(via Erkan's Field Diary) "The American Anthropological Association (AAA) is starting to remind me of the recording industry and their rearguard actions against file-sharing and online dissemination in general", Eric Kansa from Digging Digitally comments on a recent AAA-decision against open access anthropology.
After the AnthroSource Steering Committee has issued a public statement in support of open access to research articles on the internet, the commitee has been officially disbanded by the AAA according to Alex Golub at Savage Minds.
Eric Kansa writes:
This speaks volumes about how beholden this organization is toward failing and outmoded publication business models, models that hurt AAA members, universities, libraries, students, faculty, groups with limited financial resources, and the public.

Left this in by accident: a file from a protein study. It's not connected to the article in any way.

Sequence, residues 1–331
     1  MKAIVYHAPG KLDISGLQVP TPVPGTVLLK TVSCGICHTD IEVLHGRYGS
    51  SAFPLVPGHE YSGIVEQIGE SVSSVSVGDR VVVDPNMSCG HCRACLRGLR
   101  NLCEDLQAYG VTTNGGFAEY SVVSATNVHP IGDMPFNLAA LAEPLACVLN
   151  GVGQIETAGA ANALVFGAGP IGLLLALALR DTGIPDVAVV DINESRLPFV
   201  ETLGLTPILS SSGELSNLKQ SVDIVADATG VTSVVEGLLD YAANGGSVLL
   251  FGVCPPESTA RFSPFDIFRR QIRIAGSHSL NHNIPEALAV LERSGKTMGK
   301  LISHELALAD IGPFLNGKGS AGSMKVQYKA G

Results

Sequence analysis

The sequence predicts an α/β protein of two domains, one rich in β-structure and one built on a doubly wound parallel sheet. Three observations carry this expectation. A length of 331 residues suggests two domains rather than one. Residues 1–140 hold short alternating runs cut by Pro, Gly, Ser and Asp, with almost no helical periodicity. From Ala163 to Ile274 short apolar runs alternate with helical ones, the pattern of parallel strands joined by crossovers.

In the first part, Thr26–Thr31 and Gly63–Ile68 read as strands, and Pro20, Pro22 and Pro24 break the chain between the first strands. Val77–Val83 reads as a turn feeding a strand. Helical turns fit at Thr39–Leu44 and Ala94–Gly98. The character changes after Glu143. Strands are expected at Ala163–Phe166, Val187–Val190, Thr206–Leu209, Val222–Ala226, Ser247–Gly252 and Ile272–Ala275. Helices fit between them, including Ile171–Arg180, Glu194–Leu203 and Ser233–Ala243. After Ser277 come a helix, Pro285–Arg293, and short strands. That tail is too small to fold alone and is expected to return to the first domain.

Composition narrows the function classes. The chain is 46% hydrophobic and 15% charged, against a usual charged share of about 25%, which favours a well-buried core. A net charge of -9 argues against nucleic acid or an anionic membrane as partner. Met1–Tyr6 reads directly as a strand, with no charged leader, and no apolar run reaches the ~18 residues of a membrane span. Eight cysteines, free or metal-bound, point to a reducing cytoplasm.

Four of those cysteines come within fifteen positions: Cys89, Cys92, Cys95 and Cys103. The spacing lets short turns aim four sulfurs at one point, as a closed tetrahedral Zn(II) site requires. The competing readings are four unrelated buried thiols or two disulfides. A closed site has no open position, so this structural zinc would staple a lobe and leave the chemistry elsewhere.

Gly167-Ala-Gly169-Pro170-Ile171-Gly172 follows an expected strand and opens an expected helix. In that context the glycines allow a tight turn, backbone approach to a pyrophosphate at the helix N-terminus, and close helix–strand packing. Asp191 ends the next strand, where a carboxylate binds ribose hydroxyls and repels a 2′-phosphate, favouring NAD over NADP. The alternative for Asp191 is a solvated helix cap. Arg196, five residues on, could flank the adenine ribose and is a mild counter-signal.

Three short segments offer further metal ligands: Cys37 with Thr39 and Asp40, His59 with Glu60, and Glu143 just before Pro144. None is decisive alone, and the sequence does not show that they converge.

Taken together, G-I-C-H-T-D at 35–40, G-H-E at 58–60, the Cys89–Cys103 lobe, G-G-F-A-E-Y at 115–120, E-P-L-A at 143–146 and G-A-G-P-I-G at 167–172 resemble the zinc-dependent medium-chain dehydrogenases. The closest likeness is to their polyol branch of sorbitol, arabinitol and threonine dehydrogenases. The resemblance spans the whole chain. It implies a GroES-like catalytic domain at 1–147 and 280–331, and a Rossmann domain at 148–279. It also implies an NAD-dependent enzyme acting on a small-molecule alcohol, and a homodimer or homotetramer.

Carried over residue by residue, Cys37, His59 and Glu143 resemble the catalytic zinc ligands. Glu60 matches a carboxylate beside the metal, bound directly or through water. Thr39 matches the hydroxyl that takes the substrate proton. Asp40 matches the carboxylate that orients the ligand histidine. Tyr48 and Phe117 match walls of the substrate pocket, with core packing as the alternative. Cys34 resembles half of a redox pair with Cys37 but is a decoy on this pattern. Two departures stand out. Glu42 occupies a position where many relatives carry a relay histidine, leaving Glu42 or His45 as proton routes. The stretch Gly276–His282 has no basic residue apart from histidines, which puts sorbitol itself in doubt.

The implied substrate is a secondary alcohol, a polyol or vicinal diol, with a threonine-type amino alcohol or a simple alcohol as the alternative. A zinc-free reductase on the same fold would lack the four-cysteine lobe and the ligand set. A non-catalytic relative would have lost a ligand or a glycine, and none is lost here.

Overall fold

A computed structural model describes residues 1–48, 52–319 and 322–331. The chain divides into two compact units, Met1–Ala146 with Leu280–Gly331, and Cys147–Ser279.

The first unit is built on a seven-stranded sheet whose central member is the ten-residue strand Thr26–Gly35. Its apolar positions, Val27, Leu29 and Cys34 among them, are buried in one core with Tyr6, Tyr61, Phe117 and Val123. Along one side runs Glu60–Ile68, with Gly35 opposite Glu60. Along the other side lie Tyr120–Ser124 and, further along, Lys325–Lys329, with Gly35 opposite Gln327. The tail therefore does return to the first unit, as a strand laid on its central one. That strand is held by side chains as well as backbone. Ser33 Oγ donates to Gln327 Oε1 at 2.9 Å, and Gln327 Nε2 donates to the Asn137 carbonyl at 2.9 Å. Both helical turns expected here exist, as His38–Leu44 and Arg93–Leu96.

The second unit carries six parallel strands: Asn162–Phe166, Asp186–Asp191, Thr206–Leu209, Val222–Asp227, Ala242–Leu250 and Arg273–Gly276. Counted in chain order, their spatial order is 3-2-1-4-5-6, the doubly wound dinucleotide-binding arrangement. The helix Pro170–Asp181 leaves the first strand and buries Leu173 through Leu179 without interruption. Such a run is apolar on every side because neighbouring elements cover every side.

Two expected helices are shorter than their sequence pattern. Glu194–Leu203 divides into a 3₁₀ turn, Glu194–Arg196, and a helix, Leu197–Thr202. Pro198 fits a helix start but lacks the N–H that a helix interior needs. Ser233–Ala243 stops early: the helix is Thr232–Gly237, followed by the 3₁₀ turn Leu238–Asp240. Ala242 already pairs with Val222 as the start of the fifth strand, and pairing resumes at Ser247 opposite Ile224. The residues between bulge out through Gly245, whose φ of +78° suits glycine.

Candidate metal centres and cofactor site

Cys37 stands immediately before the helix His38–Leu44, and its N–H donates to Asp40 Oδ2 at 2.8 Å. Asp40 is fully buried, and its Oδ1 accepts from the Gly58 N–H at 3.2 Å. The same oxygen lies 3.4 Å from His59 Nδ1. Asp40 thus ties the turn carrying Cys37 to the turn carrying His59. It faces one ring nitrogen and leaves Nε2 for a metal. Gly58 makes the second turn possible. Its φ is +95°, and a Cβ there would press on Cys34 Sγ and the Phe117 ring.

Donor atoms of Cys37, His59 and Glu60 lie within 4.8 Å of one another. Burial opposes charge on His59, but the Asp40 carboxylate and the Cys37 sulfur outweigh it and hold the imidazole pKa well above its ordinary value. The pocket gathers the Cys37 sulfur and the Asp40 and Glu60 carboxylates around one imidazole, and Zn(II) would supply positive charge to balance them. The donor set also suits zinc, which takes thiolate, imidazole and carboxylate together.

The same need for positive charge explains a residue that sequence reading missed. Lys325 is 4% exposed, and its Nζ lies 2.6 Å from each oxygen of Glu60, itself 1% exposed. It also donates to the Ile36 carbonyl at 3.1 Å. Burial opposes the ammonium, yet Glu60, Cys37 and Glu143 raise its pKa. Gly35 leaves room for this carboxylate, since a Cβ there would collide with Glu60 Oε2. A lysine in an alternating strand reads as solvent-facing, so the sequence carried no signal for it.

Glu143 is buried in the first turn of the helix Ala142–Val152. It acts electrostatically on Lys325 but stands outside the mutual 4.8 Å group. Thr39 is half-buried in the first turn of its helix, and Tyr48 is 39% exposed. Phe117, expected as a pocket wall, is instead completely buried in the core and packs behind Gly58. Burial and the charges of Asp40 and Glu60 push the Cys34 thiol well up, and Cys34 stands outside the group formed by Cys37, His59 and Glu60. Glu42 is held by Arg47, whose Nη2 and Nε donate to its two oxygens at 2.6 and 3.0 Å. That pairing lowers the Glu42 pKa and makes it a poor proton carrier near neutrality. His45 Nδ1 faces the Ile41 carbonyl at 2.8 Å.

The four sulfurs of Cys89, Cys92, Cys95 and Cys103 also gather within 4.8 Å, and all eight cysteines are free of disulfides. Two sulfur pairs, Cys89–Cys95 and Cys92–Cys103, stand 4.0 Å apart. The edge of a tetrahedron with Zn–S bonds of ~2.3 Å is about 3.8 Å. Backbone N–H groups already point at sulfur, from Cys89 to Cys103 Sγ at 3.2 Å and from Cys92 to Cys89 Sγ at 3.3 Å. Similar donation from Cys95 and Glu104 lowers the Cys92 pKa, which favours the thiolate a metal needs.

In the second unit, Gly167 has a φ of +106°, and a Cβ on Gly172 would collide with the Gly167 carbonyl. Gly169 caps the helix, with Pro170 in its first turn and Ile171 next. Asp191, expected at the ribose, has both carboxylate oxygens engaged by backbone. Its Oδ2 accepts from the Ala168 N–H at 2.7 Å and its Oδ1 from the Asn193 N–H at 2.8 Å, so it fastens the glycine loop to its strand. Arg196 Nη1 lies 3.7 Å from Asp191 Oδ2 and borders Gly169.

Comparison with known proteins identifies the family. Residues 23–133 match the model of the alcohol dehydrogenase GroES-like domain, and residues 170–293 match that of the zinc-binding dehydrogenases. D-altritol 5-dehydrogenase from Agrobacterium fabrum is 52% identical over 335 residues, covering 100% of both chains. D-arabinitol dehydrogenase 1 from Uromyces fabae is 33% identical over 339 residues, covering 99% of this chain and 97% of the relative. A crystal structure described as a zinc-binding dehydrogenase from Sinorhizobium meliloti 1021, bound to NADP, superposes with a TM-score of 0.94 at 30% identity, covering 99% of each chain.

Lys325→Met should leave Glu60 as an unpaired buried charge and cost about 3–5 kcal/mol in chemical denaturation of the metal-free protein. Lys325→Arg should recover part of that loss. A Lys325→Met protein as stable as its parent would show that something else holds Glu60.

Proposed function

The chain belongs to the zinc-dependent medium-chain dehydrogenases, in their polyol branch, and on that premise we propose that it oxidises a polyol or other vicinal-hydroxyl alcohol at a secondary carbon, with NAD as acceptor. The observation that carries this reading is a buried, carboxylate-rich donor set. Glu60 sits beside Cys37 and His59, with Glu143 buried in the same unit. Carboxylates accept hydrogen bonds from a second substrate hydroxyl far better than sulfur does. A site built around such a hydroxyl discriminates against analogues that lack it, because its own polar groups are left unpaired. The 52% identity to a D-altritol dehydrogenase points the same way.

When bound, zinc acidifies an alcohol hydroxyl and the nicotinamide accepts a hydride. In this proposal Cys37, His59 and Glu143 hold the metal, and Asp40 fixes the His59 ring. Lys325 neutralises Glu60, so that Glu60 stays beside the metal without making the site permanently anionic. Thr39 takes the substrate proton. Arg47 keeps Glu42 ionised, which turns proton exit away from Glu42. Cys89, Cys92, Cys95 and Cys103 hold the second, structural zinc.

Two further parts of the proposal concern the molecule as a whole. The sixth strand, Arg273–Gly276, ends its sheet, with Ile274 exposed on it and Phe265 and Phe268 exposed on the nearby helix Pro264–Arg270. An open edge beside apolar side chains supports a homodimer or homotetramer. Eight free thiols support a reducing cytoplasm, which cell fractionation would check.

Trying to horde anthropological research seems self-defeating. It seems that anthropology should do more to attract more people to its research. FRPAA, which would require government funded archives of paper drafts accepted for publication, would be a great way for anthropology to become better known to a larger community.
By opposing FRPAA, the AAA is also working against the dissemination of vital knowledge in other disciplines that directly impact health, conservation, and economic development. That makes this whole affair sordid, ironic, and even somewhat tragic, especially for a discipline that positions itself in advocacy on behalf of marginalized peoples and communities.
Changing the AAA, he writes, is going to require some grassroots organizing. He welcomes therefore the initiative by anthropological bloggers who want to discuss ways to push forward an Open Access agenda at the AAA meeting in San Jose.
The Anthropologists - Last primitive tribe on earth? (Take a look at indigineuos people?s use of online communication as a mean of resistance and raising awareness.)